Leaf Chopping

Categories: Trees

Astute observers yesterday probably thought we in the landscape department had lost our mind. Middle of November, and we’re mowing the lawn.

We were chopping leaves. It’s really the ideal way to recycle leaves, to put them back into the ground from whence they came, as it were. A Michigan State study found no discernible difference in chopping the leaves into the turf, or hauling them away. (Ever read turf research? They assign “quality ratings” on “turf color and density”. At my house I just aim for green and hope for the best…) As you would expect, potassium and phosphorus were slightly higher in the mulched plots, with no nitrogen change. They didn’t, however, test for soil organic matter, that holy grail in our Champlain Valley clay. Some of the guys in our shop saw Charlie Nardozzi on the Channel 3 news talking about how earthworms literally draw the chopped leaves down into the soil.

Michigan State recommends mulching leaves every week. We concur, especially after sending someone to one of our test spots with a four inch layer of leaves-poor guy was up there mowing, and mowing, and mowing. Your hands  are motionless on the steering wheel of the mower, so even in this glorious weather it’s cold.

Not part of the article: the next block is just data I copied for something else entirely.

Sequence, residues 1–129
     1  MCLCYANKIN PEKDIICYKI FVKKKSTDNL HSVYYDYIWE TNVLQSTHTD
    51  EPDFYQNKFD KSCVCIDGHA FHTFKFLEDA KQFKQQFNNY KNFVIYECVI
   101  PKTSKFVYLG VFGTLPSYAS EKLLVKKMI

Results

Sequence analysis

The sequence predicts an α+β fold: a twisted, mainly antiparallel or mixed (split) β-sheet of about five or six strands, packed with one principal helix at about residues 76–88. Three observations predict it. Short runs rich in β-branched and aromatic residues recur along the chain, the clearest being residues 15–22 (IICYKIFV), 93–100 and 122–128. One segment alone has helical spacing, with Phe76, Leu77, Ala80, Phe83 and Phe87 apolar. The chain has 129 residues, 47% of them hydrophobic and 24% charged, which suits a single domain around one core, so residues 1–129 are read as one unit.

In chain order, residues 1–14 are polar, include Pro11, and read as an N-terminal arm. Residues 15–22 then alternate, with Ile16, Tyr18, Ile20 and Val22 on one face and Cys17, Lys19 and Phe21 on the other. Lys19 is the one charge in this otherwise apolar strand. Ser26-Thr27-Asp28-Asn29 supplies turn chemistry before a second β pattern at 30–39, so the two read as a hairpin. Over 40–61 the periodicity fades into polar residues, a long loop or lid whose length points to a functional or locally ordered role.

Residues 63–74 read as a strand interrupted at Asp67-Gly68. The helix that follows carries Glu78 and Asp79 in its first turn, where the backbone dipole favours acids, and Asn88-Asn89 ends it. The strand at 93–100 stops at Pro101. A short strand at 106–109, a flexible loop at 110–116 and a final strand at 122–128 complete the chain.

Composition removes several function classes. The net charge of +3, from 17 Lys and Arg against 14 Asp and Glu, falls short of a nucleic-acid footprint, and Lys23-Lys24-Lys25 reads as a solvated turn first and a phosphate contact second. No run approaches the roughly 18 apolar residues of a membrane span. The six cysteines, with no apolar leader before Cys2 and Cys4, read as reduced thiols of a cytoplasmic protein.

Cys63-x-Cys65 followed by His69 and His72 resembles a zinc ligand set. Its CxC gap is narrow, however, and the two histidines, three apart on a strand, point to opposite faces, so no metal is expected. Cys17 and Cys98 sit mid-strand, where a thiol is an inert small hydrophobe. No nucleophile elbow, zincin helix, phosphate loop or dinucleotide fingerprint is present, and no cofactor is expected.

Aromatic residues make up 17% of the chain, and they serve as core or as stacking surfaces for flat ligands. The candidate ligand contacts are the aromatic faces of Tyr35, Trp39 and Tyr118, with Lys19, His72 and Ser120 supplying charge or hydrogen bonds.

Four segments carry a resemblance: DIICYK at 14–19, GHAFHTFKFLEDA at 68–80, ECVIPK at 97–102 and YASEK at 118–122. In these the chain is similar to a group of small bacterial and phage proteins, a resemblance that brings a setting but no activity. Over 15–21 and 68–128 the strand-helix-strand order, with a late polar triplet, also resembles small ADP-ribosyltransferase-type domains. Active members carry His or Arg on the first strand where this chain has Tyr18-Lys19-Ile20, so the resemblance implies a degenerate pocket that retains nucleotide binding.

I haven’t thought about, or done the math for the fuel savings/use for chopping versus blowing, hauling, and composting. I guess I’ll plead to being a tree guy on this one, and say that having the leaves mulched in place is much better for the trees and soil, and if it’s a little more carbon intensive than blowing, well, tough. I’ll bet it’s close to a wash anyway.

Before Leaf Chopping

Before Leaf Chopping

After Chopping

After Chopping

I’ll post a third picture in the spring. Anyone recognize our super secret testing location?

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